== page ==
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The Securities and Exchange Board of India (Sebi) has tightened norms pertaining to disclosure of performance track record of merged mutual fund (MF) schemes.
The market regulator on Thursday issued a circular for standardising performance disclosures following a merger of schemes.
Currently, due to lack of formal guidelines some fund houses use a weighted average of the performance of the schemes involved, while others only show the performance of the surviving schemes, the regulator said.
A weighted average of the two schemes is to be used only if they have similar features. The track record of a scheme, whose features are retained in the surviving scheme, is to be disclosed if merged schemes are different, according to the circular, effective May 1, 2018.
Further, no track record needs to be provided if neither schemes’ features are retained in the new scheme. This would also apply to mergers where the surviving schemes’ features are fundamentally different from both parent schemes.
“In addition to disclosing the performance of the scheme as mentioned… past performance of such scheme(s) whose features are not retained post-merger may also be made available on request with adequate disclaimer,” the circular said.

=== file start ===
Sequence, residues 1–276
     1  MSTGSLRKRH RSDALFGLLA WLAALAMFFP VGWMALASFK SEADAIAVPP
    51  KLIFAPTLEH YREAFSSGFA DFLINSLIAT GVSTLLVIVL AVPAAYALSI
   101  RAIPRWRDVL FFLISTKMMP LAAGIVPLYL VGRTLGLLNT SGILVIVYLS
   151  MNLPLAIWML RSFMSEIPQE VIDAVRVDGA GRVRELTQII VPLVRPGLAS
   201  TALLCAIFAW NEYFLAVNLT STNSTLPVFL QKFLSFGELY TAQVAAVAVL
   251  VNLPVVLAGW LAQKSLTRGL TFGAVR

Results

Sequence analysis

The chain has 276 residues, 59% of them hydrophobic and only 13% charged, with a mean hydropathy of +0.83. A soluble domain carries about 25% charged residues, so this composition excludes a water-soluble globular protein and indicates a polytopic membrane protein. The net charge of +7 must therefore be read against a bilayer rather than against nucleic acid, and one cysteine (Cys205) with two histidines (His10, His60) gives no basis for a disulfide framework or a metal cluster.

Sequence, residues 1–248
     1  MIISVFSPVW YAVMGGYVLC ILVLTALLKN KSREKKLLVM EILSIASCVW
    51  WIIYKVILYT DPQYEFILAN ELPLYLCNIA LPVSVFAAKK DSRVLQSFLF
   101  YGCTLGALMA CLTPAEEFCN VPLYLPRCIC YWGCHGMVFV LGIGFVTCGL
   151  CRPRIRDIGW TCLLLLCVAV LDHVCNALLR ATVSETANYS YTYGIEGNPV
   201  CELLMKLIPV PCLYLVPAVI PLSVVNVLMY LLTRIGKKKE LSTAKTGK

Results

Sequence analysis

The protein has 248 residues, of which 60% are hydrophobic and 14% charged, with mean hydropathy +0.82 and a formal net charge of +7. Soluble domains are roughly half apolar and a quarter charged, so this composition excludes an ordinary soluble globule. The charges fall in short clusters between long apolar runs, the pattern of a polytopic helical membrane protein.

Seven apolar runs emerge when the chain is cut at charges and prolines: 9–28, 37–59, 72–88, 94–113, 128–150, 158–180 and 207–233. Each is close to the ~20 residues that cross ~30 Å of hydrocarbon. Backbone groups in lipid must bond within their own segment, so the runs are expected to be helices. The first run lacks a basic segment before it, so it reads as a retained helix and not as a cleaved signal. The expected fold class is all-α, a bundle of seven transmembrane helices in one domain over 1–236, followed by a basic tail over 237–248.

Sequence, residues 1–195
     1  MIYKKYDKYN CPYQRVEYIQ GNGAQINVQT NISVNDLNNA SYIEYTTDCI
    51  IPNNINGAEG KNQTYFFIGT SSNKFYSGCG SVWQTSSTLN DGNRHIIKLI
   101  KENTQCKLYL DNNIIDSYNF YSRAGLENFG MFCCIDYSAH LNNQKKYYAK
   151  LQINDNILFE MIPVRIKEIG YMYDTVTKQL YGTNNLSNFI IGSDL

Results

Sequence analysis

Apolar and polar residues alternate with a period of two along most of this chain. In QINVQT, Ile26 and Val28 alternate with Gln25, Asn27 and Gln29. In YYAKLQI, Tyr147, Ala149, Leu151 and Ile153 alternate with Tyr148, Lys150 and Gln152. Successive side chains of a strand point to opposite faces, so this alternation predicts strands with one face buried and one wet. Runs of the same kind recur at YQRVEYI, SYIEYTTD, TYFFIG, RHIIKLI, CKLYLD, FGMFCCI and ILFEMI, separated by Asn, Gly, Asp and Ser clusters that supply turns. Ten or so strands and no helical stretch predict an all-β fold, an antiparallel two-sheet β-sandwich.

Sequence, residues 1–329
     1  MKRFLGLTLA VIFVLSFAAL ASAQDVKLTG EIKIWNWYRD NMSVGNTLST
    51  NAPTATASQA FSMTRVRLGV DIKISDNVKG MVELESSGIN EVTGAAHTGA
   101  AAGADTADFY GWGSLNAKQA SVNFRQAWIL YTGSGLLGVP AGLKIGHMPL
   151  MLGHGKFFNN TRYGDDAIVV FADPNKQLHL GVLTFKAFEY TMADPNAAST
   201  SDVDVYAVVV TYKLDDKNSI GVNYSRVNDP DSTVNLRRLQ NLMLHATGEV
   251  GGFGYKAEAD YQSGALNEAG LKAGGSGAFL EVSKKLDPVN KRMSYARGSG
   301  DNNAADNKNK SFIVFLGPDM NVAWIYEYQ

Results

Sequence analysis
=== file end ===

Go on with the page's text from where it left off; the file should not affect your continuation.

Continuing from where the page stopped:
The move gains significance in the light of an October 2017 circular for rationalising schemes. The regulator had said all schemes must fit in standardised categories, leading to expectations of mergers since there could be only one scheme per category.
However, a Business Standard analysis of Value Research data had earlier shown mergers to be few and far between. Experts had said many fund houses had merely changed their category, instead of pruning the number of schemes that they already had.
The analysis had shown that the number of equity schemes in the industry had only gone down by half a dozen in the six months between September 2017 and March 2018. The number of debt schemes has increased by 12 in the same period.
The current move may still leave a blind spot for investors. Kaustubh Belapurkar, director (fund research), Morningstar Investment Adviser India, said the confusion over track record could also apply to changes in mandate without a merger.
“Even if an existing scheme undergoes a change in mandate, there could be confusion over track record if the features are significantly different,” he said.
Vidya Bala, head (mutual fund research), FundsIndia, also agreed that this would not solve the problem if a scheme has changed its mandate without a merger having taken place. “The investor will have to be careful when investing in funds which have changed their strategy without undergoing a merger or consolidation, as the past track record would not be an accurate measure of performance,” she said.